In order to acquire morphosyntactic structures, the input children receive is crucial (Tomasello, 2000). The frequency with which structures are encountered the structures has to be sufficient to allow entrenchment, categorizing and schematizing (Tomasello, 2003). Apart from that, relevant linguistic structures and cues must be presented such that children can perceive and process them. In experiments with adult learners, Taraban (2004) demonstrated that learners can make more efficient use of syntactic cues to gender-like subclasses when the cuees are presented in a grouped fashion as compared to a random fashion. Arguably, grouping directs the learners’ attention to the cues.
We hypothesize that children´s books and songs can be effective instruments in fostering the acquisition of relevant morphosyntactic structures. After all, the texts are repeated often within a short period of time (e.g. the song’s chorus) and over longer distances (by singing or reading everyday) (see also Frieg et al. 2014). Therefore, we designed the Litkey picture books, which were designed to support the children in acquiring relevant grammatical structures (including the gender and case system, subjunctives and past tense). The books’ texts present these structures in a grouped or otherwise optimized fashion (Belke & Belke, 2006). To assess whether the children can pick up on these structures and cues more easily in the Litkey books and songs than in other children’s books and songs, we carried out an intervention study on the acquisition of the German gender case system (von Lehmden et al., in prep.).
To this end, we trained L1- and L2-learners between the ages of 41 to 71 months, whom we allocated to one of three groups:
the intervention group who received training with our custom-made material, namely the Litkey books designed to foster nominal inflection abilities, and songs from our songbook (Kauffeldt et al., 2014) that also dealt with nominal inflection,
a control group who received training with picture books and songs that covered similar contents as the books and songs used in the first group but did not feature an optimized presentation of relevant morphosyntactic structures, and
a second control group who received no training.
In order to assess the children’s performance in processing German gender and case we designed a custom-made test battery, which we administered individually pre (T1) and post (T2) intervention as well as six weeks after the training (T3). Our results show that compared to the control group with no training, the performance of the intervention group trained with the Litkey material improved significantly during the training period. The control group with less specific training improved overall, too, but compared to the control group with no training their increase in performance was not significant.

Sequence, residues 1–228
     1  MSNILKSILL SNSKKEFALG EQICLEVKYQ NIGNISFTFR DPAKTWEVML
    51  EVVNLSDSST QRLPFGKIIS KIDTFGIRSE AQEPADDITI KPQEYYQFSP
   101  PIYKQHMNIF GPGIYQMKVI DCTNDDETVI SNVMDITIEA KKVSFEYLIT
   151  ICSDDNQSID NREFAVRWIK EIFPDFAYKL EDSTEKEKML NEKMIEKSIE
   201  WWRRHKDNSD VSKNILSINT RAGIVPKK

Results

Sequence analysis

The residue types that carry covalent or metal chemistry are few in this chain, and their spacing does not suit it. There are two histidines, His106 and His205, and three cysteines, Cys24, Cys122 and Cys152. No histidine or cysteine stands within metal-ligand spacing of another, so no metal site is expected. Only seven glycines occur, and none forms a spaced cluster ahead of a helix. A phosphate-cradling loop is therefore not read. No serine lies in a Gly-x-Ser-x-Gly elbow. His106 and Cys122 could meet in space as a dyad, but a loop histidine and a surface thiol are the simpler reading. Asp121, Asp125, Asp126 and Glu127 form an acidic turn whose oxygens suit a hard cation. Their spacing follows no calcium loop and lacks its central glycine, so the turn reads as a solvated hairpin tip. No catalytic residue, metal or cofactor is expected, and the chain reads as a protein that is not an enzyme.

von Lehmden, F., Müller-Brauers, C. & Belke, E. (in prep.). Training the acquisition of German gender and case with specially designed children´s books and songs.
Belke, E. & Belke, G. (2006). Das Sprachspiel als Grundlage institutioneller Sprachvermittlung. Ein psycholinguistisch fundiertes Konzept für den Zweitspracherwerb. In: Becker, T. & Peschel, C. (Hrsg.). Gesteuerter und ungesteuerter Grammatikerwerb (174-200). Schneider Hohengehren.
Frieg, H., Belke, E., Belke, G., Hoffman, R., Bebout, J., Kauffeldt, L. & Kirschke, C., (2014). Dschungeltanz und Monsterboogie. Lieder zur systematischen Sprachvermittlung im Vor- und Grundschulalter. Schneider Hohengehren.
Kauffeldt, L., Kirschke, C., Bebout, J., Frieg, H., Belke, E., Hoffmann, R. & Belke, G. (2014). Dschungeltanz und Monsterboogie. Singen und Spielen mit Sprache. Schneider Hohengehren.
Tomasello, M. (2000). The item-based nature of children’s early syntactic development. Trends in Cognitive Sciences, 4, 156-163.
Tomasello, M. (2003). Constructing a Language. A usage-based theory of language acquisition. Harvard University Press.